The Pandemic Changed How Parents Feed Their Children, Study Says

The pandemic changed a lot, even the way we feed our families.

By: Amanda Mushro

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Pretty 4 years girl eating carrot in kitchen, sitting on her kitchen counter


Pretty 4 years girl eating carrot in kitchen, sitting on her kitchen counter

Photo by: Antonio Garcia Recena

Antonio Garcia Recena

Trying to make sure that our kids eat a healthy and balanced diet is tough on a regular day. Then, you throw in the craziness of Covid, and sometimes, our best efforts get lost in treats and snacks instead of fruits and veggies. Our whole world has changed because of the pandemic — work, school, childcare, and activities. So, of course our food choices would reflect those changes. While we were all trying to make the best of an unprecedented situation, researchers wanted to understand what those food changes meant for our kids and for us.

According to a new study, during the height of the pandemic, the way parents fed their kids changed drastically — especially for younger kids. They also found that many of those changes have stuck around.

Researchers collected surveys from parents who shared how their food choices for their kids changed from pre-Coivd life to life during Covid. The study also looked at how parental stress, mood, and child behavior influenced any changes with food choices.

"Parenting during the COVID-19 pandemic was challenging for most families," said Katie Loth, an assistant professor of family medicine in the University of Minnesota Medical School and leader of this study. "Understandably, we found that many families shifted their approach to feeding their child during this time as well."

With parents working from home and kids' regular schedules being completely changed, meal times and food choices changed as well. For one, the study found that the lack of a regular schedule meant a lot more snacking and indulging in treats for the whole family. Also, for parents who had preschoolers at home, they were handing out a lot more snacks in order to keep the kids entertained while parents balanced working from home.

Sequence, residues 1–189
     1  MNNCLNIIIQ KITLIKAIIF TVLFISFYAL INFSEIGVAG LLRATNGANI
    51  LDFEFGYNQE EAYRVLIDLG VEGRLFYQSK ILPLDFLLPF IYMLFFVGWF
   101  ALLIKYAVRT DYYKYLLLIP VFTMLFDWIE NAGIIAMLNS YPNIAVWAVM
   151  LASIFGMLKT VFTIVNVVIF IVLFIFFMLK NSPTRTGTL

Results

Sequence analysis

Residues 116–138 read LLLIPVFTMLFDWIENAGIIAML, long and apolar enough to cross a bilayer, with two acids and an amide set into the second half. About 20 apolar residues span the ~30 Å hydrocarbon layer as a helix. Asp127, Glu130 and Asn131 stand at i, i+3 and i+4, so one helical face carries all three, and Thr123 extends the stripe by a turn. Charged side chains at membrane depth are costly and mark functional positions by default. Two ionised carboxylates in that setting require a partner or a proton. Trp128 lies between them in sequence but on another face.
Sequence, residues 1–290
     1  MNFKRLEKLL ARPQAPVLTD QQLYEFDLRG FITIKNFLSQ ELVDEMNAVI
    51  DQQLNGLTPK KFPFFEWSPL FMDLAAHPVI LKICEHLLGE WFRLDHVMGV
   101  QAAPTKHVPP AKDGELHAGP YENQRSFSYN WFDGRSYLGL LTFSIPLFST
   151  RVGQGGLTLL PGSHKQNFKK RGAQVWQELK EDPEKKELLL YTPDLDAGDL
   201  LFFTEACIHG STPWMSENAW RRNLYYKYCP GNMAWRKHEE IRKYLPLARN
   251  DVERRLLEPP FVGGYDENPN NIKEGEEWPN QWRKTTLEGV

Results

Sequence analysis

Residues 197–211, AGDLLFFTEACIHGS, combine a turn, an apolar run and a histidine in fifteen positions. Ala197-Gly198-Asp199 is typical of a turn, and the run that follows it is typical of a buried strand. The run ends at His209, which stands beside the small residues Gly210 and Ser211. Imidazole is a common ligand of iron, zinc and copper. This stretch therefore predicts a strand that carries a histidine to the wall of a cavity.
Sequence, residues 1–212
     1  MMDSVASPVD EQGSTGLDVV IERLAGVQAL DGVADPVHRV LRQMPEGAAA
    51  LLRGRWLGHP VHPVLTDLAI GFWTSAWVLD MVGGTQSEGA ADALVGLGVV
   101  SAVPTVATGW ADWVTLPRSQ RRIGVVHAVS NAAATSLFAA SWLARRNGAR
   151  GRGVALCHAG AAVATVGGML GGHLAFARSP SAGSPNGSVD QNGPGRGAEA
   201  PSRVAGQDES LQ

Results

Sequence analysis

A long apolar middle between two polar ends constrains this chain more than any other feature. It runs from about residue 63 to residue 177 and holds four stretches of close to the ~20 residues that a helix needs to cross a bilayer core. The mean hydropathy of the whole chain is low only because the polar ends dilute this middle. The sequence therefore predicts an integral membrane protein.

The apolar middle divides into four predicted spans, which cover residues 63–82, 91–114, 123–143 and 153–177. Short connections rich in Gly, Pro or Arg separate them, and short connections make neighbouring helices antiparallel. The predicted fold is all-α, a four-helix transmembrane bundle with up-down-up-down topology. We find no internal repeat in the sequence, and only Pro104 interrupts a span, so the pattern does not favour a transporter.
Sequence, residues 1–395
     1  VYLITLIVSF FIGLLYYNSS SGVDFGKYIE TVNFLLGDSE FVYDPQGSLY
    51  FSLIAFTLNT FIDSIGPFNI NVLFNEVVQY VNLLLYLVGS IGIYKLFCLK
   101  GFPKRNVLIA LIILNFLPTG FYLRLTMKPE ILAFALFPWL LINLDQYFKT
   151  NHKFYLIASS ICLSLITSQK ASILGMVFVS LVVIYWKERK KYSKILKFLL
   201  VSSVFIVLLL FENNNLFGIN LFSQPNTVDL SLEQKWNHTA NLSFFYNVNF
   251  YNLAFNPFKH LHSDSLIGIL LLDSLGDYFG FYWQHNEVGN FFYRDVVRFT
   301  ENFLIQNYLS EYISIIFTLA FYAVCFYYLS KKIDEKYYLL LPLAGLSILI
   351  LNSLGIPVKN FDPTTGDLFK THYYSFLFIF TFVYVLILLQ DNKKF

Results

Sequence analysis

The study also found that as parents' moods shifted to more stressed or angry, they had less patience with trying to get their younger kids to eat healthy foods. This totally makes sense because if you’re feeling overwhelmed, the last thing you’ll want to do is take on meal time battles with your kids. On those days, it’s just easier to make food that you know your kids will eat.

Loth added that even the way we prepared food changed during the pandemic. "We found that during the pandemic, the parents in our study were less structured in their approach to feeding compared to before the pandemic — using fewer rules and limits, less routine, and less frequent modeling — and that parents engaged in fewer behaviors known to support children's independence around eating, such as involving children in food prep, talking to children about the foods they were being served or providing children with praise and encouragement for trying new foods."

The study also revealed that many of these new habits have not changed, which makes parents nervous.

The researchers from the study say they hope they can encourage parents, schools, and health care professionals to take a real look at our food choices now that many Covid restrictions have been lifted. Since many of those not so healthy habits have stuck around, parents and kids might need help shifting their food choices to healthier options.

It may be as simple as starting one meal at a time or reevaluating the types of snacks we offer our kids. Small steps can make big changes in the health of our children and ourselves.


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